I wear them sometimes on sunny days with zero chance of precip, low wind. Wind cuts through as well. Opposite of foul weather gear I suppose.

  8. #158
    Join Date
    Aug 2021
    Posts
    285
    Quote Originally Posted by detrusor View Post
    Super intrigued by the arcteryx pro guide stuff….seems it’s the old made in Canada burly stuff that the Asian made goods are not.
    If you can swing grabbing a pair they are well made; would love to help but I ain't well connected. Looks like the only non-proform shell/bibs, still made in BC, is the Alpha SV stuff. Bibs wouldn't work for me, but the jacket is super nice, if you don't mind napoleon pockets.

  9. #159
    Join Date
    Jan 2017
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    365
    Quote Originally Posted by Stuntmonkey View Post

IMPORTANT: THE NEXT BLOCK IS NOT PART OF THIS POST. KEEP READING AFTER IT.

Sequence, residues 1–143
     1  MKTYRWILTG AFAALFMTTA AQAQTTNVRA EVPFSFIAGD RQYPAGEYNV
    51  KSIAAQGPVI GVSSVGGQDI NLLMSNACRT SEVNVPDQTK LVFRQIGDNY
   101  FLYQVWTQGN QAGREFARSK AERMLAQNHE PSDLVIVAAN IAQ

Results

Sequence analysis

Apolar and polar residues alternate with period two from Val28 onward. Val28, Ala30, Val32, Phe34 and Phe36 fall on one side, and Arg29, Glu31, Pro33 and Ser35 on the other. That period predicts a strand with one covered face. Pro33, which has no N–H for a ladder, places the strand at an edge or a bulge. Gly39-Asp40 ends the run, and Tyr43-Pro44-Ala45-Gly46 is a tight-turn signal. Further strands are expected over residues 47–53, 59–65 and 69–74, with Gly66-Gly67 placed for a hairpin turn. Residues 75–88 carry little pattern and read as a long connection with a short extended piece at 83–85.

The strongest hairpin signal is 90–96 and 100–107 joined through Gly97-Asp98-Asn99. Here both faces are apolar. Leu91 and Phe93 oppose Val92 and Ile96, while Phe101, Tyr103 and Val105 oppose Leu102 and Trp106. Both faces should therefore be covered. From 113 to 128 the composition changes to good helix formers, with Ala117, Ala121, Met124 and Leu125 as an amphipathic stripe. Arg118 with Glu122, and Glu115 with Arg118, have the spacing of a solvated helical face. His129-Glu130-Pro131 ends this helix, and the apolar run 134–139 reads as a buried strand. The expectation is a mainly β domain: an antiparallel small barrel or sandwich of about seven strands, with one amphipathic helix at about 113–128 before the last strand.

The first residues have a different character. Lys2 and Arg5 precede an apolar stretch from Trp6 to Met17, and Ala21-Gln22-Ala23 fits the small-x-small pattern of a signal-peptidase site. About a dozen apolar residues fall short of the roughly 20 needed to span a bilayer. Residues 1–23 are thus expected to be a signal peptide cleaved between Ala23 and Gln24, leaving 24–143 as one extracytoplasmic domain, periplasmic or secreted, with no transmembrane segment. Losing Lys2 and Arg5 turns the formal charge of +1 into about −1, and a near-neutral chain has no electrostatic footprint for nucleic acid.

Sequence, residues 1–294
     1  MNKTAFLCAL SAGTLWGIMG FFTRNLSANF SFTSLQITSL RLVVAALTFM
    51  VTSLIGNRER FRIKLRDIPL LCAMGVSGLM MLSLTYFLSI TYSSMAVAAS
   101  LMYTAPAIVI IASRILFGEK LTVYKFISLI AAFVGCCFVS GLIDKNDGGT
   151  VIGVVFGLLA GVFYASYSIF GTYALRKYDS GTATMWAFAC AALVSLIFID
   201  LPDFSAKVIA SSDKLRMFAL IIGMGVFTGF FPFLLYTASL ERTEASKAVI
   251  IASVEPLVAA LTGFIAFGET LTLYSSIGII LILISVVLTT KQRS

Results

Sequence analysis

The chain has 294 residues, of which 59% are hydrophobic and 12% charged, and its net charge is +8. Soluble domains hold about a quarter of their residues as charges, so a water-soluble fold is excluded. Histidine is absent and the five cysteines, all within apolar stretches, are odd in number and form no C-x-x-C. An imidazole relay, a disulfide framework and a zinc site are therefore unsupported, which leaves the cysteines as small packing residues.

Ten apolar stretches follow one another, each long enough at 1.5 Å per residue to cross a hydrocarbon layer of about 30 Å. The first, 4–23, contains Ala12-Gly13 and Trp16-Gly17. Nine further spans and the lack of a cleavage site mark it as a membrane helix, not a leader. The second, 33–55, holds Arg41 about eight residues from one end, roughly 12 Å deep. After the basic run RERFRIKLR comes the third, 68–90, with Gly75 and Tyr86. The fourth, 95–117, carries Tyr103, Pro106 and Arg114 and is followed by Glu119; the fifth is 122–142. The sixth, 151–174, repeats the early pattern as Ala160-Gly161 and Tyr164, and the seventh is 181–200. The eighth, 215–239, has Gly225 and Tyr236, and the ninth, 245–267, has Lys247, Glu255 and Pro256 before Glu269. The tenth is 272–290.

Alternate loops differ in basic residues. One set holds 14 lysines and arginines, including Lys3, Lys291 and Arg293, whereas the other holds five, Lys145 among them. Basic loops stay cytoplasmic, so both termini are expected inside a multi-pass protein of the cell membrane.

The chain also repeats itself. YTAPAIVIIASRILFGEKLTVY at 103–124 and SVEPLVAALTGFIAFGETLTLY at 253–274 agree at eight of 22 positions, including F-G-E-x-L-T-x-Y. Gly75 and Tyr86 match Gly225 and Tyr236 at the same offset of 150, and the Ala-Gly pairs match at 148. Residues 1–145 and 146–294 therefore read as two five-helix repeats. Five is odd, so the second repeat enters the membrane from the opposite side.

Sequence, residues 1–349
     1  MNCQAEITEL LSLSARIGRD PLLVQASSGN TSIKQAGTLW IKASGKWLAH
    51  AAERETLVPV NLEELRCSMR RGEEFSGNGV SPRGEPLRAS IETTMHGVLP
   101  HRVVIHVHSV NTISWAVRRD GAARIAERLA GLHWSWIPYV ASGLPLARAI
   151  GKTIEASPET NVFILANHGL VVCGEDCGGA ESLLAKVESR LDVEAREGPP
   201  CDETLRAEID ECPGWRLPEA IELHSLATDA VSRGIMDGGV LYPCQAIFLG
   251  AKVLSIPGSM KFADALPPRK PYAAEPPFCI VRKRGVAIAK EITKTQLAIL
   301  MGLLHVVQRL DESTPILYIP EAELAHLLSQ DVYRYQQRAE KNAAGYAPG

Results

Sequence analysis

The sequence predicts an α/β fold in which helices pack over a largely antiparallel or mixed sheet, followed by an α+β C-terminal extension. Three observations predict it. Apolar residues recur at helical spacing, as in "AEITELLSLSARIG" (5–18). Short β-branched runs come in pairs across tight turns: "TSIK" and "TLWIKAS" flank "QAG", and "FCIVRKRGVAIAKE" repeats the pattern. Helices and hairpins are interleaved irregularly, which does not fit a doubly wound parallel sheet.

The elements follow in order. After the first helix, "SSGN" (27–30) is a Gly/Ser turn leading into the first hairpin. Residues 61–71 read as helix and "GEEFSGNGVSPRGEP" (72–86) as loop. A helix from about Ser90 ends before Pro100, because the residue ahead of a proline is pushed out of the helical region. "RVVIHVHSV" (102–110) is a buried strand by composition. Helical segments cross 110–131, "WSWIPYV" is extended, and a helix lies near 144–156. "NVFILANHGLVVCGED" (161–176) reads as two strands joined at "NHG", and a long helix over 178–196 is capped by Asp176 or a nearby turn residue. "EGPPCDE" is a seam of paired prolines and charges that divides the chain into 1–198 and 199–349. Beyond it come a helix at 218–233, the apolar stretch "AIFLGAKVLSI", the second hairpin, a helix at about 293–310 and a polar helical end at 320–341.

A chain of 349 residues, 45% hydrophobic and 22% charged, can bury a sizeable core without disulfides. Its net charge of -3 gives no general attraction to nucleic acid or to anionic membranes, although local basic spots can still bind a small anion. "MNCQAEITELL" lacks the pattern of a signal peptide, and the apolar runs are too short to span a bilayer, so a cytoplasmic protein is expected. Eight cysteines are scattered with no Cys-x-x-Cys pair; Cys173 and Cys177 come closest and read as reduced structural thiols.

Edit - Baker bibs are on sale for $172 right now. LOL.

    2nd edit - Anybody have feedback on the Baker Perm bibs?
    yeah, they've been on backcountry for 150$ for couple of months now... I used them for 2 seasons - they are OK. Material is bombproof for sure, after 140+ days they are still in very good shape. However, right out of the box waterproofing is not even near gore-tex or derzimax. Plus there is something with this material they use, that makes snow stick to it, so if it's powder day - prepare to look like a snowball. I now use them when I'm skiing somewhere dry. Otherwise you just soak after couple of hours
    Last edited by HukuTa_KydecHuk; 06-09-2023 at 03:21 AM.

  10. #160
    Join Date
    Oct 2004
    Location
    Seattle
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    3,203
    If anyone is looking at Trew bibs, Instagram is running a deal for an extra 20% the sale price if you check out through the Instagram app. Coupon is good thru June 16. Brought Capow price down to ~$200 shipped. I think I'm going to pull the trigger.